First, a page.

I agree, when a CPL is suited to a capture though, the benefits cannot be reproduced in PP; true some aspects might be imitated, but it really isn't the same.

    Quote Originally Posted by Bikermike View Post
    With regards to a UV on the front "to protect the lens" I'm afraid I'm from the camp which believes any extra glass will only increase the risk of glare or reflections and that the best protection is a semi-rigid lens hood.
    I from the camp that knows the hole at the front of the lens is going to get splashed occasionally and a flat filter is so much easier to safely clean than a curved front element is - and if I scratch it, it is considerably cheaper and less hassle to replace a filter

    The difference in quality is undetectable 99% of the time for what I shoot, but it might come off if I got into a night shooting situation.

    So I guess it is each to his/her own.

    I agree with Viana (is that your name?) about most effect filters being better applied in PP; starburst, soft focus, the colour ones for B&W conversions, etc., but also, even though I don't use 'em, I can see that if you need a 10 stop ND to smooth water in daylight, or a grad ND for taming dynamic range, these will be necessary, just as a CPL is, at the time of shooting.

    Cheers,

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    Moderator Donald's Avatar
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    Re: Filters: Traditional or Digital?

    Quote Originally Posted by Dave Humphries View Post
    ... hiking boots are when you sleep
    It's amazing what you find out about your colleagues here on CiC.

  6. #6

    Re: Filters: Traditional or Digital?

    Quote Originally Posted by Glenn NK View Post
    I use only two filters; UV for each and every lens (for protection), and occasionally a polarizer. As you note, the CPL is problematic with skies and WA lenses (large variation in angle between sight axis and sun). I'm not convinced (hopefully someone can convince me) that polarization can be added in PP as effectively as when shot…
    I shall see what I can do. Will dig out a few recent photos to show with and without the digi-filters.

    Perhaps we should have a contest where people shoot with and without the traditional filters? (My problem would be that I no longer own any that fit my current lenses.)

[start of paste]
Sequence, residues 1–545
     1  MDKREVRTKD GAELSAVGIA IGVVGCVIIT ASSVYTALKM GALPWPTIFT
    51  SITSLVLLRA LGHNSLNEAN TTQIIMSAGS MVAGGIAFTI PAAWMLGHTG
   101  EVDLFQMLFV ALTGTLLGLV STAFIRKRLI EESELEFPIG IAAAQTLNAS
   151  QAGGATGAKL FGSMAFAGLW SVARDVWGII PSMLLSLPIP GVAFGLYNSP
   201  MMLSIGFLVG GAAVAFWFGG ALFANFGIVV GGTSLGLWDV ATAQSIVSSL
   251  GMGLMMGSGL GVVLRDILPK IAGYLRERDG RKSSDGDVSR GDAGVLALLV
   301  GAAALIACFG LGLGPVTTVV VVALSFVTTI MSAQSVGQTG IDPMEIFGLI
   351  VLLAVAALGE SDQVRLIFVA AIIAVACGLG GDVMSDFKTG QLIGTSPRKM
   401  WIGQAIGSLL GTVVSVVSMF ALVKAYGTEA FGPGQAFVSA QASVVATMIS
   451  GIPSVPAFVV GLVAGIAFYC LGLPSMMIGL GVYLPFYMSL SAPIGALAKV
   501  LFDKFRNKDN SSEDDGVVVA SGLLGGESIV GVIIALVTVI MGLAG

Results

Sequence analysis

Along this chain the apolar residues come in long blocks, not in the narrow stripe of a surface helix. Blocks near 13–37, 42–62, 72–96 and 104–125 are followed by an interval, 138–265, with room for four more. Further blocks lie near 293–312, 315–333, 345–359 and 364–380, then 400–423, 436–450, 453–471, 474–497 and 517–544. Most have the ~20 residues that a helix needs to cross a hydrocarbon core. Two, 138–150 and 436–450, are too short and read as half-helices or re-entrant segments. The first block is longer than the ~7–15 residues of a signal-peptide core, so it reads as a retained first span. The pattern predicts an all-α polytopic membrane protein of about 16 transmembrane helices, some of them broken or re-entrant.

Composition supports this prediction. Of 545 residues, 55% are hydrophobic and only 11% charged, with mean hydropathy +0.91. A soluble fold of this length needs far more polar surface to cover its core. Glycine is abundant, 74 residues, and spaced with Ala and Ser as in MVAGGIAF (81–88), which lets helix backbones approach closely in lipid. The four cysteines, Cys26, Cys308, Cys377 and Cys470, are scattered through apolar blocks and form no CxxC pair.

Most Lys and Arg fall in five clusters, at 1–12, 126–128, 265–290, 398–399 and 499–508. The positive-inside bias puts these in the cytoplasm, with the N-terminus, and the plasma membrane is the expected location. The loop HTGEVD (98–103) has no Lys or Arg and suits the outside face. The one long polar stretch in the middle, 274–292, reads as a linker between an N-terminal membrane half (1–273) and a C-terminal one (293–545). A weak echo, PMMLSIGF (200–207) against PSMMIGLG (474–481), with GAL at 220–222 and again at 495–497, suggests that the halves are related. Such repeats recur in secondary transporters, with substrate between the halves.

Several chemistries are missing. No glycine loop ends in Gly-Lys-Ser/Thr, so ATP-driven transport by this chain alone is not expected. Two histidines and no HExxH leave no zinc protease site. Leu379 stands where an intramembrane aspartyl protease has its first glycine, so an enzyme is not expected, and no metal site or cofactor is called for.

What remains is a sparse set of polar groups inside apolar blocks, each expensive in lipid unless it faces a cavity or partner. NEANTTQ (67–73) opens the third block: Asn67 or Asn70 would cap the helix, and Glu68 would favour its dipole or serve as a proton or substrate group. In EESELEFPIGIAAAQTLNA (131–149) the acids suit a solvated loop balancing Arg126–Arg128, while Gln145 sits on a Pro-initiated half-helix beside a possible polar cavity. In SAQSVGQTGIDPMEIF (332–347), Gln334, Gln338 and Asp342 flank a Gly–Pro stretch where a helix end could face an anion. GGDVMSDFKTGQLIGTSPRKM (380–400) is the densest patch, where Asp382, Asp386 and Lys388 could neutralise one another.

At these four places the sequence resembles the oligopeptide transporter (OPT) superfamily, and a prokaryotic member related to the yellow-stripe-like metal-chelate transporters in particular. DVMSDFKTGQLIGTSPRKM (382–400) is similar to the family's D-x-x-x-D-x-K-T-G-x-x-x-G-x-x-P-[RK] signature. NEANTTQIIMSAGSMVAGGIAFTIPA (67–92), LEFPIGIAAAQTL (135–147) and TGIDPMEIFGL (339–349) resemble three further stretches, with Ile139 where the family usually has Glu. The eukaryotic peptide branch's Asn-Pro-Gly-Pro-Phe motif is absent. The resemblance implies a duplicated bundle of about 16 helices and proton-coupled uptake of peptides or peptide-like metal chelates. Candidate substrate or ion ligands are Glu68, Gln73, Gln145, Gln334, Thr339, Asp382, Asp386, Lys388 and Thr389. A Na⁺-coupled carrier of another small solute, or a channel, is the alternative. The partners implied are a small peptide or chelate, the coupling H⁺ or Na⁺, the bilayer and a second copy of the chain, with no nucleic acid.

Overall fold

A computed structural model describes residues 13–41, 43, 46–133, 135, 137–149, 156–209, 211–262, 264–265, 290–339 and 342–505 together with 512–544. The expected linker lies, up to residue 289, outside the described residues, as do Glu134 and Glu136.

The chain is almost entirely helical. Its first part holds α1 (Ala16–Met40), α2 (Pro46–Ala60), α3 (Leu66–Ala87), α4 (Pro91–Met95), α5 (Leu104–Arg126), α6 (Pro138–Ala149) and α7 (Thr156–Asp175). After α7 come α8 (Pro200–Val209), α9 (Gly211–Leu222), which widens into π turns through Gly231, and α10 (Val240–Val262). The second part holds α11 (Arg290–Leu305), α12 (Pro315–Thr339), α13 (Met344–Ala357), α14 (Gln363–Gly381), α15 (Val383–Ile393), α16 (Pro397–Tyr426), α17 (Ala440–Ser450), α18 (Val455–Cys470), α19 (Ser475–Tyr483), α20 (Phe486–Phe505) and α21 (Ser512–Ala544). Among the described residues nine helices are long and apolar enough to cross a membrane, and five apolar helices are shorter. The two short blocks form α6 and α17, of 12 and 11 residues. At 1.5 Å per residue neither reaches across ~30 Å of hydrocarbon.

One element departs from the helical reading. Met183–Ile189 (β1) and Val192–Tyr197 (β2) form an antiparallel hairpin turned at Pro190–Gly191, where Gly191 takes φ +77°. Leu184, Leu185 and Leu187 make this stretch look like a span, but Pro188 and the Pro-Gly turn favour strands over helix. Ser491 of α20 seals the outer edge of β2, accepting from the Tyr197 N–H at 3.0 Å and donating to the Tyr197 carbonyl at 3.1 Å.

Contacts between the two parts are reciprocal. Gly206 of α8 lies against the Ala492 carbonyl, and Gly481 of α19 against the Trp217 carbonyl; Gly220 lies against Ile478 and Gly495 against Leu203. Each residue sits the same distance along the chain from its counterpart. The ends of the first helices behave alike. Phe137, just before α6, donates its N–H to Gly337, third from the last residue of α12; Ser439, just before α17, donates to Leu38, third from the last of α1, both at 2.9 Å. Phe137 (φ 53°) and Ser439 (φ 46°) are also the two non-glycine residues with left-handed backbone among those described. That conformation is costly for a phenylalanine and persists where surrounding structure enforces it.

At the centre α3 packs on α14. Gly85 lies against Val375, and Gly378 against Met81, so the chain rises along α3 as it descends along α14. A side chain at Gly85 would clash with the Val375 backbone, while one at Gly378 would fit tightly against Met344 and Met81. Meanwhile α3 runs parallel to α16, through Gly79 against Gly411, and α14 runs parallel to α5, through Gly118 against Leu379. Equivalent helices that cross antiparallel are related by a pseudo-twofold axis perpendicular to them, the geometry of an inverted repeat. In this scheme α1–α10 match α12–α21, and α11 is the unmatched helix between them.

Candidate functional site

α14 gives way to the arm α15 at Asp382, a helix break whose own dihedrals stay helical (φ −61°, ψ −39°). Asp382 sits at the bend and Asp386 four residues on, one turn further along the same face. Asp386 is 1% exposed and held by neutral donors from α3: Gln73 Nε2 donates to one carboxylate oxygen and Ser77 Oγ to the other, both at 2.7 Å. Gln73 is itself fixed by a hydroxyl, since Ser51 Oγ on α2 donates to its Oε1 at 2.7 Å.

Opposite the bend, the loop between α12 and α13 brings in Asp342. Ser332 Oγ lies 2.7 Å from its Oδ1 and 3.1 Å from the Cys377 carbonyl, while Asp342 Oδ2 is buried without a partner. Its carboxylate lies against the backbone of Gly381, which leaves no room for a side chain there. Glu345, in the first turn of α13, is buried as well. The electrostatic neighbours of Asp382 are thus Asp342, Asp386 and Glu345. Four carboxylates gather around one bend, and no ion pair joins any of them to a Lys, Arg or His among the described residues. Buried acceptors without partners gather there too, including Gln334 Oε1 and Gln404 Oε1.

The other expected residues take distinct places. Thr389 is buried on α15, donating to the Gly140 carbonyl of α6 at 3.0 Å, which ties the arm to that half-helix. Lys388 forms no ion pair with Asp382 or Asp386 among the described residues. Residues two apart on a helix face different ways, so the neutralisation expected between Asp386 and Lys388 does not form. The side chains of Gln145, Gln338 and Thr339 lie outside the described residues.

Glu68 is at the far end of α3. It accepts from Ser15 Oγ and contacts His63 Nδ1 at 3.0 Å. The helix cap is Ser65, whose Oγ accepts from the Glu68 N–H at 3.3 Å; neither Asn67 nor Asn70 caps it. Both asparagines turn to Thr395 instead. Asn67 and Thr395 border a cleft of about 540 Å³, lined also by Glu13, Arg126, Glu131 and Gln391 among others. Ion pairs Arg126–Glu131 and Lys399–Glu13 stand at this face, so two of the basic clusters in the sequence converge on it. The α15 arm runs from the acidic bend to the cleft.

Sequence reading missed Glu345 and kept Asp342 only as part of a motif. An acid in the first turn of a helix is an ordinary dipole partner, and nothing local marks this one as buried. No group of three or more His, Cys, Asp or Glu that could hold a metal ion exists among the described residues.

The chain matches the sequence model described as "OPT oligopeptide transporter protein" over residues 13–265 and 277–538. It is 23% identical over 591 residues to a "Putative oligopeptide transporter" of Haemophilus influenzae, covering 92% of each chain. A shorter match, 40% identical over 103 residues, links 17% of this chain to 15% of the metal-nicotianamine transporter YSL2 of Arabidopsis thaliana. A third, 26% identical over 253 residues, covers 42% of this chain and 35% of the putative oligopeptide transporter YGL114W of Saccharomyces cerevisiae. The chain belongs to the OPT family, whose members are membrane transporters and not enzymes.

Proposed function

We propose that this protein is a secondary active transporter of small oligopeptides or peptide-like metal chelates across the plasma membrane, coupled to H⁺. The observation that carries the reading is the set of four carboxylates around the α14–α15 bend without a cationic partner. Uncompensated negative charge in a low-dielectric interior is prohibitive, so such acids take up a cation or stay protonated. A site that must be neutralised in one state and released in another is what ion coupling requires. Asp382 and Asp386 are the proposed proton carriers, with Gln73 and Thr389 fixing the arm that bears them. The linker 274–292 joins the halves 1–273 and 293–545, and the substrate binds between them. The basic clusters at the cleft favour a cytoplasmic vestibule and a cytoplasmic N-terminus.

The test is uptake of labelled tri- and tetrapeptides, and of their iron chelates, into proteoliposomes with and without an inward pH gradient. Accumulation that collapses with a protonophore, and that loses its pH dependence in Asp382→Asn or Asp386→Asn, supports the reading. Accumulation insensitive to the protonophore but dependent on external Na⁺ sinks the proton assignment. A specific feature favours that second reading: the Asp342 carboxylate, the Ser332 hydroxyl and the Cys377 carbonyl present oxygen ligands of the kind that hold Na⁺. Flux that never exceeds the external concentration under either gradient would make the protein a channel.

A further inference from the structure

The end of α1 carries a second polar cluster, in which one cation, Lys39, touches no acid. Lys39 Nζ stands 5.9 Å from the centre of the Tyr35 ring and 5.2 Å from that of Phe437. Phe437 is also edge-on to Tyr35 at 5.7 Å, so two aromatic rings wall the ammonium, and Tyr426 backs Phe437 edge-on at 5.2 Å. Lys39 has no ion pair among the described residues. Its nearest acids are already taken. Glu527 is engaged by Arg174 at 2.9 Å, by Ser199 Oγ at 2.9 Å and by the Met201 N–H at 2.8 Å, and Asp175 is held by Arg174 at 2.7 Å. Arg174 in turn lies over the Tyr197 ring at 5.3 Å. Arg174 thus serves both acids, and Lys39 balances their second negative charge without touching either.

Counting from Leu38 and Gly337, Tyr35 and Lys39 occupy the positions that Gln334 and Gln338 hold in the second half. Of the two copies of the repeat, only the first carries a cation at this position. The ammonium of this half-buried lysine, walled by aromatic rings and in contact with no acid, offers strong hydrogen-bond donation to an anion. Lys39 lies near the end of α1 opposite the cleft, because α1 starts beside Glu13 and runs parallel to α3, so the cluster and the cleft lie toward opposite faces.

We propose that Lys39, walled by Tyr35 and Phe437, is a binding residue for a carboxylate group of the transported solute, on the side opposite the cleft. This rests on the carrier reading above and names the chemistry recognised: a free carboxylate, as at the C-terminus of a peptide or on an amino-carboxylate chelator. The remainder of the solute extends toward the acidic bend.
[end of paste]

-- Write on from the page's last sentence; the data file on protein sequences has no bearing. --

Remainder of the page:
I would, however, be willing to process the pixs that anyone submits with a digital filter and compare those with the traditional filter captures.

    To some extent, the argument claiming that digi-filters are not as good as the traditional reminds me of the argument about expensive vs. moderately priced wines. Blind tastings show that expensive does not necessarily equal quality.

    I propose that we need a “blind” viewing comparing the two.

    when I became more serious about photography in the early sixties, it was quite expensive (thirteen shots of a night-lit fountain in Kodachrome II was 1/2 of a roll ).

    Glenn
    Oh, yes! I remember what fortunes I used to spend on film and developing. So, I am thankful every day for digital media in order that I can exercise my passion for virtually no cost.

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    Steaphany's Avatar
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    Re: Filters: Traditional or Digital?

    Viana,

    I've never given up on filters and I still feel my collection is lacking. At present my collection consists of:

    • An IR950 Infrared
    • An IR850 Infrared
    • An IR720 Infrared
    • 25A
    • G
    • K2
    • maxmax.com XNite CC1 Natural Light Color Correction for IR Cameras
    • A Sigma CPL
    • A B+W 420 2E UV Special
    • A Cokin P Filter kit for custom Bokke apertures


    Quote Originally Posted by Viana View Post
    Eons ago (well, it seems like eons) when I used to shoot film, I would haul around camera bags, several cameras loaded with different film speeds and have bags/pockets full of filters and other accessories. While I was young and strong, I still felt like a little pack-mule and of course, always had to think way ahead in order to shoot with the correct camera/film/filter.
    Didn't anyone ever explain to you that was how photographers got their exercise ?

    When I'm out and about with my kit, I look like an old school photographer as I keep everything protected in a pair of bright yellow Pelican hard cases, a 1600 and a 1500. Plus, if you check my signature, you'll see that I still shoot film. On that side of the lens, I know I'm lacking and need both a medium and a large format camera. See, even more to carry